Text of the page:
Building Democracy 2.0: Introduction

After running for state senate in a gerrymandered district in 2018, a friend and mentor, Gordon Smith, approached me about writing a book with him on the issue of gerrymandering.  That conversation has taken me down a fascinating path.  Over the past 12 months, I have read numerous court decisions on gerrymandering and studies on electoral systems.  Those works led me to earlier accounts about the rise of democracy and political parties.

During this same time, I have had a front-row seat on history-making court cases as a board member of Common Cause North Carolina.  Rucho v. Common Cause NC went to the US Supreme Court in 2019 and rejected (for now) the legal argument that partisan gerrymandering violates the US Constitution.  Shortly thereafter, a three-judge panel ruled in Common Cause NC v. Lewis that partisan gerrymandering does violate the North Carolina state constitution.  That decision led to the redrawing of state legislative districts, including the one I ran in.  It also caused a redraw of the US House districts in North Carolina.  These cases will reverberate at election time in 2020 and when redistricting occurs in 2021 based on the decennial census.

North Carolina has had more than 40 judicial interventions on redistricting plans since 1980 – more than any other state.  “First in Gerrymandering” could replace “First in Flight” as the motto on the state’s license plate.  Of course, there is an alternative to perpetual litigation.  Many states have adopted bipartisan redistricting reform.  Such reform takes mapmaking out of the hands of politicians, makes the redistricting process transparent to the public, and allows for meaningful public input in the process.  Common Cause and other groups continue to work for these reforms in North Carolina and other states.

As I dove into the issue of gerrymandering and redistricting reform, I soon realized that these challenges to American Democracy are symptomatic of larger structural issues with our electoral system, particularly in an age of social media and other new forms of communication.  While redistricting reform remains vitally important, the afflictions of our political system require much deeper and more comprehensive attention.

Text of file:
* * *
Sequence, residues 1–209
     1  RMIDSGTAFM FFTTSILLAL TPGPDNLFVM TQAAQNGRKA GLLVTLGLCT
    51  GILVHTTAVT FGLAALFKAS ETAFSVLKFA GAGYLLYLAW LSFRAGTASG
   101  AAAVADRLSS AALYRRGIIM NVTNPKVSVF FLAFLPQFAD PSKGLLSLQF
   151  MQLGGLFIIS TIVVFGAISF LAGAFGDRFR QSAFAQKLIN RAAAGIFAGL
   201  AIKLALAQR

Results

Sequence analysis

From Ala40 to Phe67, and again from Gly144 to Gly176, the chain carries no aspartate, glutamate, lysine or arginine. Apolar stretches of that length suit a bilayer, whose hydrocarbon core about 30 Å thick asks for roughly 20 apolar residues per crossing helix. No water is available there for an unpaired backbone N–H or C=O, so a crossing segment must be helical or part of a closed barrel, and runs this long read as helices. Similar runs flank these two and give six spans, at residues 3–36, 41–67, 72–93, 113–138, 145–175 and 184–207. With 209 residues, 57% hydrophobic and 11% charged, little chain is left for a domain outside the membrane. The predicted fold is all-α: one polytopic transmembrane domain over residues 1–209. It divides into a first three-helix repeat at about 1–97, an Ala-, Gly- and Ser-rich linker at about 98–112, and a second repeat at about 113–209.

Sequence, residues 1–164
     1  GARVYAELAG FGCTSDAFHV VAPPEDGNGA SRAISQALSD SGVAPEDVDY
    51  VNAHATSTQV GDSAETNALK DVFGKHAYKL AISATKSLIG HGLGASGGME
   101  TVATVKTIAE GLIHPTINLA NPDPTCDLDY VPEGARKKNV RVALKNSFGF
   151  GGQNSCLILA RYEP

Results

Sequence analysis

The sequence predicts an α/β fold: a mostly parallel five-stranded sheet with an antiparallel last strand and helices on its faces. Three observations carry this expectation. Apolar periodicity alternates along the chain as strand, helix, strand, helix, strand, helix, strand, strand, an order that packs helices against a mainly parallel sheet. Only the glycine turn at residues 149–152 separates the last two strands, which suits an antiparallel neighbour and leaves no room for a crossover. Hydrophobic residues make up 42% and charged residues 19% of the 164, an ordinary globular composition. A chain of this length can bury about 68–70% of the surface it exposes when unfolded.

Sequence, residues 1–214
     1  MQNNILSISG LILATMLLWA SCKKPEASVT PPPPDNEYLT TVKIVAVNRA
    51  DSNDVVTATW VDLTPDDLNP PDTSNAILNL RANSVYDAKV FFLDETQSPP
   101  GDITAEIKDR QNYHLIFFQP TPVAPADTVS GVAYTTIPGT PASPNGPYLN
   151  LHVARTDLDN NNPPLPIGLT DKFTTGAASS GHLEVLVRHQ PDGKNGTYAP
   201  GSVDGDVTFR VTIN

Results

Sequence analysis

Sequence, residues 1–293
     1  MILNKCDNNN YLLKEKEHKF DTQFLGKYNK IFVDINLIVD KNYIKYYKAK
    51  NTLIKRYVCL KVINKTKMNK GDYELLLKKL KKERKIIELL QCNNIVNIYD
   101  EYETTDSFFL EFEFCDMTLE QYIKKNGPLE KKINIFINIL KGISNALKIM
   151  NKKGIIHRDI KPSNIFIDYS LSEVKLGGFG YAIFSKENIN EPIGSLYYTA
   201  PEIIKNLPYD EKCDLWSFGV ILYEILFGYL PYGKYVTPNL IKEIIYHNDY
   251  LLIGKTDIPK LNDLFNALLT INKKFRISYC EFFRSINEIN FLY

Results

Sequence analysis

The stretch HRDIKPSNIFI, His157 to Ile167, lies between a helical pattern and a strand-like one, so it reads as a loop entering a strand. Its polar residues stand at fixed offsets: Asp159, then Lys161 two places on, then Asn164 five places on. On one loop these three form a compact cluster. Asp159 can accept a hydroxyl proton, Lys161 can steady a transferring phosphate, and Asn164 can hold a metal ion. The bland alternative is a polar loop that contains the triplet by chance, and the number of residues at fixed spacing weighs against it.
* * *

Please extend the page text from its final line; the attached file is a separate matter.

It doesn’t take a genius to know that our democracy is suffering.  Hyper-partisanship and polarization have stymied action on nearly every front.  It has caused many to give up hope or look to undemocratic ideas for salvation.  A 2019 survey by Pew Research found that just 17% of Americans trust the federal government to do the right thing all or most of the time.  In the early 1960s, this figure was nearly 80%.  Faith in the federal government has steadily dropped under administrations led by both parties to arrive at the current spectacularly low percentage.  We must ask ourselves a fundamental question:  Is democracy still relevant, workable and worth sustaining in the 21st century?

It is easy to answer that question by saying “of course.”  Many surveys, including one done in 2018 by the Democracy Project commissioned by the George W. Bush Institute and Penn Biden Center, conclude most Americans remain committed to the idea of democracy.  If we value democracy, however, we must recognize that its persistence rests squarely on the actions of citizens.  Unfortunately, we lack a common understanding of what makes a democracy operate successfully — what actions, particularly in today’s world, give democracy life and strength.